Like Tree2Likes
  • 1 Post By QuantumPete
  • 1 Post By whiteflags

Need help

This is a discussion on Need help within the C++ Programming forums, part of the General Programming Boards category; Hey guys, so I'm a beginner in C++ and I need some help. I'm using a website called hypergrade to ...

  1. #1
    Registered User
    Join Date
    Mar 2012
    Posts
    16

    Need help

    Hey guys, so I'm a beginner in C++ and I need some help. I'm using a website called hypergrade to turn in my programs, and one of my assignments was to create a program regarding plants, where it asks the user to input data such as weight, and how fast he/she would like to travel to the destined planet and it would output the result. My program compiled and it runs fine on microsoft visual 2010 express, however, when turning in my assignment on hypergrade, an error comes up:


    E: empA1AB.tmpPlanets.cpp: In function 'int main()':E: empA1AB.tmpPlanets.cpp:100:20: warning: integer overflow in expressionI've asked my teacher for some help but knowing teachers, she never gave me a direct answer. All my variables are declared as a double, and here is my output result:cout << fixed << setprecision(2);
    cout << "INTERPLANATERY TRAVEL: EARTH TO " << planetName << endl;
    cout << "Your weight on " << planetName << ": " << weightNew << " lbs" << endl;
    cout << "Your travel time to " << planetName << endl;
    cout << "In hours: " << (travelHours) << endl;
    cout << "In days: " << (travelDays) << endl;
    cout << "In years: " << (travelYears) << endl;
    //system("PAUSE");
    return 0;

    The reason why the system(pause) is in comments is because hypergrade doesn't recognize it, but just ignore that. As a result, this is what I get:

    Picking D(for mars), entering 120 (weight) and 10 (miles per hour) i get in hours: 4800000
    in days: 200000
    in years: 547.95

    apparently these numbers are too big for hypergrade, my teacher told me to use a UL code, but I have no idea how to use that and where to put it. Some help is much appreciated, thanks in advance

  2. #2
    Registered User whiteflags's Avatar
    Join Date
    Apr 2006
    Location
    United States
    Posts
    7,627
    The "UL code" is a suffix applied to hard coded numbers. It would fix the problem you have basically because it changes the type of integer. Take any random number you use in an expression, 3,060,463,673,373 is too large for 32-bit long integers, but not for the unsigned 32-bit long integers.

    You also didn't show any of the actually relevant code. The compiler warns about the overflow on a specific line, and I expected to see some kind of math problem there.

  3. #3
    C++まいる!Cをこわせ! Elysia's Avatar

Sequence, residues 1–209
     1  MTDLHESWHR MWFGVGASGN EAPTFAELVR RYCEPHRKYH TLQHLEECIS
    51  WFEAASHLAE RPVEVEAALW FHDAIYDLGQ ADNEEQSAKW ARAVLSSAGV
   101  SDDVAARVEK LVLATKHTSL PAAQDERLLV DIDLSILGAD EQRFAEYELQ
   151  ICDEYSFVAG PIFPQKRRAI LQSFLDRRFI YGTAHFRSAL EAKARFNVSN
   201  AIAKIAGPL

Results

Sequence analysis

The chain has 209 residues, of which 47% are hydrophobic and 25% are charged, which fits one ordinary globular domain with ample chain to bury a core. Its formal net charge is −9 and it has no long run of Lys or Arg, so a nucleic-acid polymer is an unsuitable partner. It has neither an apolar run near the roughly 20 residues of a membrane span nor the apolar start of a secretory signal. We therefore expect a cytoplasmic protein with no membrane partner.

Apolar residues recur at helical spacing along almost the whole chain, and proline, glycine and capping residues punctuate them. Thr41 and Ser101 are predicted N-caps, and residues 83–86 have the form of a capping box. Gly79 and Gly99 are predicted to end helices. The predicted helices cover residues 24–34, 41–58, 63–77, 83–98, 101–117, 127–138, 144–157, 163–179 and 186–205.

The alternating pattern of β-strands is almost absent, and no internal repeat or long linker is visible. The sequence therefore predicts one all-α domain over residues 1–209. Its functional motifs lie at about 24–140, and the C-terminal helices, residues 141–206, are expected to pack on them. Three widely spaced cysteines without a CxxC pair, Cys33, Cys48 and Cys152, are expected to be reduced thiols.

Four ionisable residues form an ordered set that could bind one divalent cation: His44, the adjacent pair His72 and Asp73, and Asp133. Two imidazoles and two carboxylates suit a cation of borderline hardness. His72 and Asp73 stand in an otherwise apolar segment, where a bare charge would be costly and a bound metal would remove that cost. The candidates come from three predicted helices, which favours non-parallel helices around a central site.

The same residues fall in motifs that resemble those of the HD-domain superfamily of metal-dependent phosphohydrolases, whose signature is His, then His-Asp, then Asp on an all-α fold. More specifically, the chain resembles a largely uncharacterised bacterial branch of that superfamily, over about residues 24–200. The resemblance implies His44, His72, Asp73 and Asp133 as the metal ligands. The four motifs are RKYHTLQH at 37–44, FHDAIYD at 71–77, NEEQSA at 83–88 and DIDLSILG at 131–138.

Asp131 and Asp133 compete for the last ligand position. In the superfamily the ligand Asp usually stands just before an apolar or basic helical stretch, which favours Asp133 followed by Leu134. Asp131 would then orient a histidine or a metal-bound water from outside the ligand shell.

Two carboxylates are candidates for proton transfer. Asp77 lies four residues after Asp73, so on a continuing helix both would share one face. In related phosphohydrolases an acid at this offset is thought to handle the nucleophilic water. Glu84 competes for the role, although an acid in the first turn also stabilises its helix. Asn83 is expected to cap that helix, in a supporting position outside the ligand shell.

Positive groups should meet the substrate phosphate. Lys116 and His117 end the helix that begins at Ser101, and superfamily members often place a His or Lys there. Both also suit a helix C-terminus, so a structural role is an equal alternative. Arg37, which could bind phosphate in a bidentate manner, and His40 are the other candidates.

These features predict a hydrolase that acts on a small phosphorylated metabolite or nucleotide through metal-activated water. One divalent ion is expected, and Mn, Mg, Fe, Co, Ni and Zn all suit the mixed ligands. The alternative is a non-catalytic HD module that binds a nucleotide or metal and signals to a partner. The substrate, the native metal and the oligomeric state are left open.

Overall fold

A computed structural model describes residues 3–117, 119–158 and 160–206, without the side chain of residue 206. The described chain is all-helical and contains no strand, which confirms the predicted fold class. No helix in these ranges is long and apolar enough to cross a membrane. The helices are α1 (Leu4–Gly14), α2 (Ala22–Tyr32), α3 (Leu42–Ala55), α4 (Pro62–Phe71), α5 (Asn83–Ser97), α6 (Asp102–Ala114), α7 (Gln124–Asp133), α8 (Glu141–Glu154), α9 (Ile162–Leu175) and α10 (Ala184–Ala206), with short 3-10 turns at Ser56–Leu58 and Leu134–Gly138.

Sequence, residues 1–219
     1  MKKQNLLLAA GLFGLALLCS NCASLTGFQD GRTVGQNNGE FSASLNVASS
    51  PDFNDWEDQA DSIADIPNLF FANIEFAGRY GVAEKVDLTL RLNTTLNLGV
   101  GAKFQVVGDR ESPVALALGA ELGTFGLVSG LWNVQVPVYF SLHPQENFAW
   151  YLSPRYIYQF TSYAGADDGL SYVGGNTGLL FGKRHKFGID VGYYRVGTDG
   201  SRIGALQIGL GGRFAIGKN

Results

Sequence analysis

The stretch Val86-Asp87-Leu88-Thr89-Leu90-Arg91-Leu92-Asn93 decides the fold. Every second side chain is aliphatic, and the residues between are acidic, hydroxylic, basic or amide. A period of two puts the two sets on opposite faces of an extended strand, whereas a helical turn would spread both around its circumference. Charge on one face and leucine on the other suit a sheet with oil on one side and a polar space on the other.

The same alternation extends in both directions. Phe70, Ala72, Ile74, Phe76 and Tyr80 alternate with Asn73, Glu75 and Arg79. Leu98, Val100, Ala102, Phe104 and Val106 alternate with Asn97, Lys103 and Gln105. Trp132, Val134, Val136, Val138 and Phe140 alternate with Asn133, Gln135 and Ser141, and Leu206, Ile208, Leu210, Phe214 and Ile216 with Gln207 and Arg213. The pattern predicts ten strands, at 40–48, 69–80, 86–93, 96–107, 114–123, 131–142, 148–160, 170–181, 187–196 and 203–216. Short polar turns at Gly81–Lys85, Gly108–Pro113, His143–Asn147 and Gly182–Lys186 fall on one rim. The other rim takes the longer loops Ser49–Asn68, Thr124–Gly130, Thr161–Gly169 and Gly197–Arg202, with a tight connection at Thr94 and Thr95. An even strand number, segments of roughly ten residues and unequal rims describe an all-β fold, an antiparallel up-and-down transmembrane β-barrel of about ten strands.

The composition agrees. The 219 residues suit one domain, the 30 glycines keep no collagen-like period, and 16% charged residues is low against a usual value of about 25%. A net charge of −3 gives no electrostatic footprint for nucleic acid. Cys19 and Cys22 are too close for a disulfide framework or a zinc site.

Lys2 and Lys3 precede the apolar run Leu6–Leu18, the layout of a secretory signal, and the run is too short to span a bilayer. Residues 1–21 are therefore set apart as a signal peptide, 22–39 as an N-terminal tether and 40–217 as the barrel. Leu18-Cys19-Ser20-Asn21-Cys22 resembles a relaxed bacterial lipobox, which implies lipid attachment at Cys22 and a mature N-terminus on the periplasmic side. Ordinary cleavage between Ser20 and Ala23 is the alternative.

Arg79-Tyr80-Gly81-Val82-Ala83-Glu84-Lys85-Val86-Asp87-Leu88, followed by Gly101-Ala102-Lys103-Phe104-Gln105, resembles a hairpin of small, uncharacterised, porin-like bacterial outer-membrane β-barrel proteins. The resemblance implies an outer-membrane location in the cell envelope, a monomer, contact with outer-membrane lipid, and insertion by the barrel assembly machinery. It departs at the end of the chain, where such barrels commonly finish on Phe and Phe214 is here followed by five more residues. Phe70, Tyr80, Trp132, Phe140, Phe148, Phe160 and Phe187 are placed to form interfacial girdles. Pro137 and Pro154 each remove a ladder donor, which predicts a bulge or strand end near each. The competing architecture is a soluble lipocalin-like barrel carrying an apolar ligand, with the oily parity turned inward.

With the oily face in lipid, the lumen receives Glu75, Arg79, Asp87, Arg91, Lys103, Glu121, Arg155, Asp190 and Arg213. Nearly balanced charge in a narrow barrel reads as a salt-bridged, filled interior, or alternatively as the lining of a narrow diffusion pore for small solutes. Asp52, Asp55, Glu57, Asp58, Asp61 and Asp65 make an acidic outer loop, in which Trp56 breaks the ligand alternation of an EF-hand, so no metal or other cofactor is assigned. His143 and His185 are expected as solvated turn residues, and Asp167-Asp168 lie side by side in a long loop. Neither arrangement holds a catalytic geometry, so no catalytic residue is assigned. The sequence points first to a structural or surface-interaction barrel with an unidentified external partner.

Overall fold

Join Date
    Oct 2007
    Posts
    22,421
    Please include full source code (or at least the minimal amount of source that demonstrates the problem) and put them into code tags, now and in the future.
    Quote Originally Posted by Adak View Post
    io.h certainly IS included in some modern compilers. It is no longer part of the standard for C, but it is nevertheless, included in the very latest Pelles C versions.
    Quote Originally Posted by Salem View Post
    You mean it's included as a crutch to help ancient programmers limp along without them having to relearn too much.

    Outside of your DOS world, your header file is meaningless.

  4. #4
    Registered User
    Join Date
    Mar 2012
    Posts
    16
    How would I put the UL code? Do I just put like (UL) next to the end result? here is the code:

    Code:
    int main()
    {
    double weight;
    double weightNew;
    double speed;
    double distanceSun;
    double surfaceGravity;
    double travelDistance;
    double distanceEarthSun = 93*1000000;
    double travelHours;
    double travelDays;
    double travelYears;
    string planetName;
    char selection;
    
    
    cout << "INTERPLANATERY TRAVEL MENU" << endl;
    cout << "---------------------------" << endl;
    cout << "a) Mercury" << endl;
    cout << "b) Venus " << endl;
    cout << "c) Earth" << endl;
    cout << "d) Mars" << endl;
    cout << "e) Jupitar" << endl;
    cout << "f) Saturn" << endl;
    cout << "g) Uranus" << endl;
    cout << "h) Neptune" << endl;
    cout << "q) Quit" << endl;
    cout << "Select a planet to travel to or press q to quit the program" << endl;
    cin >> selection;
    if(selection>='a' && selection<='h')
    {
    cout <<"Input your weight followed by how fast you wish to travel at (miles per hour)"<< endl;
    cin >> weight >> speed;
    }
    if(selection == 'a')
    {
    planetName = "Mercury";
    distanceSun = 36*1000000;
    surfaceGravity = 0.27;
    }
    else if(selection == 'b')
    {
    planetName = "Venus";
    distanceSun = 67*1000000;
    surfaceGravity = 0.86;
    }
    else if(selection == 'c')
    {
    planetName = "Earth";
    distanceSun = 93*1000000;
    surfaceGravity = 1.00;
    }
    else if(selection == 'd')
    {
    planetName = "Mars";
    distanceSun = 141*1000000;
    surfaceGravity = 0.37;
    }
    else if(selection == 'e')
    {